In Professor Wiens own words:

Stefan Wiens, porträtt. Foto: Niklas Björling
Stefan Wiens. Foto: Niklas Björling

My graduate student Rasmus Eklund and I just received the news that we won the $1000 preregistration challenge by Open Science Framework (

Although we are excited to have won this award, we feel that we already won a lot simply by preregistering our study on the neural correlates of visual awareness (

To understand our feelings, consider that many apparent truths in Psychology have been challenged. One reason is the flexibility that researchers have in analyzing their data (researcher’s degrees of freedom). Simply put, researchers often decide—consciously or unconsciously—on how to analyze their data after looking at their data. If so, the analyses are not independent of the actual data, and the results are very likely to be biased.

This problem is particularly relevant with functional brain imaging data. For example, recordings of electro-encephalography (EEG) comprise many electrodes that are measured over time. This gives researchers enormous flexibility in deciding which electrodes to analyze in what interval. For our topic, previous studies disagreed on whether a particular EEG response may be the neural correlate of visual awareness.

We decided to conduct a replication and extension of previous research. Critically, we preregistered our study ( This means that we described in detail what we would do and how we would analyze the data before we actually started collecting any data. This description was locked and time-stamped at OSF. Because we ensured that our analyses were defined a priori and were not data driven, the evidential strength of our findings is strong.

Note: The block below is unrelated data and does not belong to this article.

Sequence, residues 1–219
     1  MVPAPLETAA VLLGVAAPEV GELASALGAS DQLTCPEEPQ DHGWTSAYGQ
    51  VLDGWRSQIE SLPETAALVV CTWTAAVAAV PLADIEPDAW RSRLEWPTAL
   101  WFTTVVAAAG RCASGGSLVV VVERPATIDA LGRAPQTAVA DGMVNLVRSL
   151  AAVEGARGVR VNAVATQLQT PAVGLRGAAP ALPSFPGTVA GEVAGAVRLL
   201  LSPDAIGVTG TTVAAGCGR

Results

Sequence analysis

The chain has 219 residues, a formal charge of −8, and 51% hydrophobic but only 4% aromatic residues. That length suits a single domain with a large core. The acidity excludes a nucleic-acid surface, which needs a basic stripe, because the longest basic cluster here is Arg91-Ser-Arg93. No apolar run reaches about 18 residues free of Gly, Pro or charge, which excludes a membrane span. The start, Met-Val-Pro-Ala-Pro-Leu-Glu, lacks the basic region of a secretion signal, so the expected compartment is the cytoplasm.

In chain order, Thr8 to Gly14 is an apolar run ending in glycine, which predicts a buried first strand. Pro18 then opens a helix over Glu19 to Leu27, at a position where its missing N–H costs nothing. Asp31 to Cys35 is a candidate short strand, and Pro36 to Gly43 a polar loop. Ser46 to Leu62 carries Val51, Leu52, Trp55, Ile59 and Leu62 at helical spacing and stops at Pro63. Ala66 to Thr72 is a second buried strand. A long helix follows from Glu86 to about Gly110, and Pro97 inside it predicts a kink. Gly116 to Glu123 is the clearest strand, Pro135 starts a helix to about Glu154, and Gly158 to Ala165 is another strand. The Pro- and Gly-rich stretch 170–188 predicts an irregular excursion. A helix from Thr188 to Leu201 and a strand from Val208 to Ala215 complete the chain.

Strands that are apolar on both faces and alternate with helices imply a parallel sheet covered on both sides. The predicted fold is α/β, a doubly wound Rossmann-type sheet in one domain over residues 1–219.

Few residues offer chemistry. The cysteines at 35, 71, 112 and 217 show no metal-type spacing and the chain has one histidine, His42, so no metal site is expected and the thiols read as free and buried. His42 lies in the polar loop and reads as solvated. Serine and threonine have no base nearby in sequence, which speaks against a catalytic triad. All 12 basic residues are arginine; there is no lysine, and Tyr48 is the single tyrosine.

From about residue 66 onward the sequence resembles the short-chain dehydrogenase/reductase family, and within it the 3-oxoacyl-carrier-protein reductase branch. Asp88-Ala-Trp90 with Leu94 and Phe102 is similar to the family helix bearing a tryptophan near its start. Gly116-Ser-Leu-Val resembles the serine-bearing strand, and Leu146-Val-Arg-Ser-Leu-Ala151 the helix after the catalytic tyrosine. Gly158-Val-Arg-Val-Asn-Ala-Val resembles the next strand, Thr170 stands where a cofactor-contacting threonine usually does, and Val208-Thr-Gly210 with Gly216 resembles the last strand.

Notably, one common sentiment against preregistration is that it seems like a lot of work and challenging to do before collecting any data. We resolved this by collecting pilot data. These data allowed us to test various aspects of the design before we preregistered our study. Of course, preregistration is demanding because one has to think through every step of the study. However, the benefits are that one will already detect problems with the study before spending specious time and resources on collecting data that may be useless.

Further, the preregistration is like a cookbook recipe: After data collection, just follow the recipe on how to analyze the data. As such, the time spent during preregistration is saved later.

To conclude, any researcher should be collecting data that provide strong evidence. Because preregistration minimizes any doubts that the analyses were driven by the data, it is a simple measure to increase the evidential strength of any findings. If you need help with preregistration, just contact me.

Oh, and here is the article, published in Cognitive, Affective, & Behavioral Neuroscience (published online 18 January 2018):

Stefan Wiens